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Zippered panties retailer aims to influence NYC

Attention is being drawn to lingerie lines that include such add-ons as rhinestones, but expect to see some triple digit price tags

By Alex Kuczynski  /  NY TIMES NEWS SERVICE , NEW YORK

If Serena Rees and Joseph Corre have their way, the Manhattan black-tie party circuit will be changed forever.

"You know when women go to black-tie parties, they carry those little purses?" Rees, a founder, with Corre, of the English lingerie line Agent Provocateur, asked the other day over coffee and cigarettes at the SoHo Grand Hotel.

"Well, why not carry a riding crop?" she said.

If the image of, say, a Nan Kempner or a Pia Getty showing up at the next ballet gala armed with a riding crop sends you running for the shrink's couch, there's more. On Thursday, Corre and Rees will be the hosts of a preview party for Agent Provocateur SoHo, the New York outpost of their S&M-influenced lingerie and accessories.

The riding crop, studded with Swarovski crystals, sells for US$245.

"And we've got a full stock," Rees said, her voice squeaky with cheerleader enthusiasm.

The quarter-cup bras, rib-crushing corsets and zippered panties make the Victoria's Secret line look like the Carter's with the snapped-elastic waist that girls wore in fourth grade. Rose McGowan, Naomi Campbell and Sophie Dahl are big fans. When Christina Aguilera stopped into Henri Bendel and bought an orange Agent Provocateur bra, it made the tabloids. The merchandise is priced for celebrities, too: bras sell for up to US$230 and panties up to US$195. Access-ories, like the rhinestone-locking cuffs and collar chain, sell for up to US$700.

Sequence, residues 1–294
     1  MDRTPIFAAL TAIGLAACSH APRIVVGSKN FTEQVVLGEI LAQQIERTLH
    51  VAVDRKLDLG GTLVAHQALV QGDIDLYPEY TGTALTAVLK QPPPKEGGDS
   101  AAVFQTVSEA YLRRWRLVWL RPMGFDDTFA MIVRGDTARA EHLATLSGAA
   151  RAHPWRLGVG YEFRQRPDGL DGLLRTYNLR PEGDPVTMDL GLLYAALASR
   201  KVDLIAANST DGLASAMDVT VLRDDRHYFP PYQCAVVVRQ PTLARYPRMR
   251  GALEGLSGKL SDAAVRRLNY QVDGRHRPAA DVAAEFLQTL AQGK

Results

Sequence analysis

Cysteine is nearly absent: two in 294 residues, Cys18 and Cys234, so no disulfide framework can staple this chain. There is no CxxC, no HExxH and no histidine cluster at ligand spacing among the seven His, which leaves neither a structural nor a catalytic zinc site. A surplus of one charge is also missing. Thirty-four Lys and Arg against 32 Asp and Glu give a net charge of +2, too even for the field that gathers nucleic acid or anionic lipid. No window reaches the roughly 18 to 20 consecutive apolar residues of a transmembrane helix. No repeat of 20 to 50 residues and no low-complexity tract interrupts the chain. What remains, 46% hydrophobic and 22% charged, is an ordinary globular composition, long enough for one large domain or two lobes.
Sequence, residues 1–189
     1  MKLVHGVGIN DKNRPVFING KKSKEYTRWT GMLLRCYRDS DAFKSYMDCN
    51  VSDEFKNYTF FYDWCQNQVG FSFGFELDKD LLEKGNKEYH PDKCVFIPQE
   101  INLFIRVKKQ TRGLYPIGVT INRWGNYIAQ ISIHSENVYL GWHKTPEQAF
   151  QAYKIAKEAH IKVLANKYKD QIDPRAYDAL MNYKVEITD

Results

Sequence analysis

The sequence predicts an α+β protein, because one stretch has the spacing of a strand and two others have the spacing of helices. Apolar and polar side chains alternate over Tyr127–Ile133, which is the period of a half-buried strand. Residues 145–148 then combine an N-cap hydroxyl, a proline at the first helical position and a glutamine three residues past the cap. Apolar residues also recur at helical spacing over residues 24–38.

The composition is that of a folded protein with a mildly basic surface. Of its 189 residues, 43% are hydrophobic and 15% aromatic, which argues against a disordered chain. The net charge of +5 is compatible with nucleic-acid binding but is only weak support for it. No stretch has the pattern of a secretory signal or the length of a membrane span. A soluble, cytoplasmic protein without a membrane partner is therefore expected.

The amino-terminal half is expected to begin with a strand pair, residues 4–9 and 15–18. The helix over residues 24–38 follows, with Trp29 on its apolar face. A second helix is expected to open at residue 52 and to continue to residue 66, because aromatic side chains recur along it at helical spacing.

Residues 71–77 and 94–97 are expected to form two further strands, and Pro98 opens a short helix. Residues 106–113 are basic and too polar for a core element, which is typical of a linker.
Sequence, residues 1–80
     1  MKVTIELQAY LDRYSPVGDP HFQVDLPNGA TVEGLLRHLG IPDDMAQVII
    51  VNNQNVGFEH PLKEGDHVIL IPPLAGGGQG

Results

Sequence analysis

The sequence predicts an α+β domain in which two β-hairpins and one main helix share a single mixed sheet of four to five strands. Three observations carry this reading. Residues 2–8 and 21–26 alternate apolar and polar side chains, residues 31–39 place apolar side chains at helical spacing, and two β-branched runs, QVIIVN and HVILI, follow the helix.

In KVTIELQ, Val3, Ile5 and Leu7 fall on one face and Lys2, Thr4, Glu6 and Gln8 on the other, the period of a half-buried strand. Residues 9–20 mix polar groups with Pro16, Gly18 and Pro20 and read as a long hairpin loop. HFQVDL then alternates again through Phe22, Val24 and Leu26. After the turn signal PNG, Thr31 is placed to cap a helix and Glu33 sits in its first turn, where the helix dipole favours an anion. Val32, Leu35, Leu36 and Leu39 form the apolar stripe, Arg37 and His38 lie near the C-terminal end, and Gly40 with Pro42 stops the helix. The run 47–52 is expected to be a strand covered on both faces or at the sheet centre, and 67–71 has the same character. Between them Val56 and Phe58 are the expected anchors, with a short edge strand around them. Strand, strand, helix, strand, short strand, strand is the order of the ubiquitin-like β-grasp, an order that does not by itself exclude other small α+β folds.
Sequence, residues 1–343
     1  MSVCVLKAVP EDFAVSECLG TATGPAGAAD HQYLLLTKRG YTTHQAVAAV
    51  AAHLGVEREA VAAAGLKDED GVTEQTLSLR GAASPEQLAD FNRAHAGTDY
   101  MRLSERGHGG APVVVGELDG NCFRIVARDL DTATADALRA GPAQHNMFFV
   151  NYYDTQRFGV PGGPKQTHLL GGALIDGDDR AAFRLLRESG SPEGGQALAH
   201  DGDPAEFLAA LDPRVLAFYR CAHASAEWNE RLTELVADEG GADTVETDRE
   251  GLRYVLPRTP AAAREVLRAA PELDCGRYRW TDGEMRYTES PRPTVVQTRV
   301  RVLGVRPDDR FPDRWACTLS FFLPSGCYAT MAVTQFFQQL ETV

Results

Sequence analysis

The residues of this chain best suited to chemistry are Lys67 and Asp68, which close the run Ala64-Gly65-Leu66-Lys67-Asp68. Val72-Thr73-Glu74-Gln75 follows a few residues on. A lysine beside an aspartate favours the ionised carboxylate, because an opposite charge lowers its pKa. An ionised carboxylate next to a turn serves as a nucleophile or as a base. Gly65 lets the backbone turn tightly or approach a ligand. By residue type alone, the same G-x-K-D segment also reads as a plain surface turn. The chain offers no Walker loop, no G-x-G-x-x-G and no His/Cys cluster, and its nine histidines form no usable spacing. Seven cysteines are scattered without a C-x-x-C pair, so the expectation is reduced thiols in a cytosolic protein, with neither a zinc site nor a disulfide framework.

Buying, of course, is half the spectacle. Saleswomen in Agent Provocateur boutiques wear pink micromini dresses with decolletage, fishnet stockings and black patent leather pumps with four-inch heels and pink bows. Corsets are strongly encouraged. The look is one of hobbled femininity, a cross between the elaborate costume of a geisha and the vampishness of a streetwalker.

"Remember, a corset is a support garment," Corre said. "It's good for you."

Other consumer product sales may be sagging, but lingerie is booming. Victoria's Secret had US$3.3 billion in lingerie and cosmetics sales last year. Underpants -- conversations about them, showing them, watching them on television -- have become part of daily life, and Abercrombie & Fitch began marketing thong underwear to pre-teenage girls last year.

Corre and Rees, who are married and have a young daughter, founded the company in London in 1994 after meandering through jobs in fashion, music and advertising.

Corre, the offspring of a punk dynasty, is the son of Vivienne Westwood, the fashion designer, and Malcolm McLaren, the impresario behind the Sex Pistols. Johnny Rotten and Sid Vicious camped out on his parents' floor when he was a child. Sid took him to the candy store.

"People ask me if I had a normal childhood," Corre said. "Well, I only had one childhood, so I don't have anything to compare it to."

Corre's lineage has provided amusing moments. When Rees was giving birth, she was close to blacking out from pain and turned to reach for the mask supplying a painkilling gas.

"I'm reaching for it, and I can't find it. ... I turn around, and there are Joe and Malcolm sucking away at it. You're having a baby, and there is Malcolm McLaren in the corner inhaling your gas," she said.

Corre's mother, whose designs have included a rubber nun's outfit (for men), taught him everything about clothing, he said.

"`Never do something unless there's a reason for it,'" Corre quoted.

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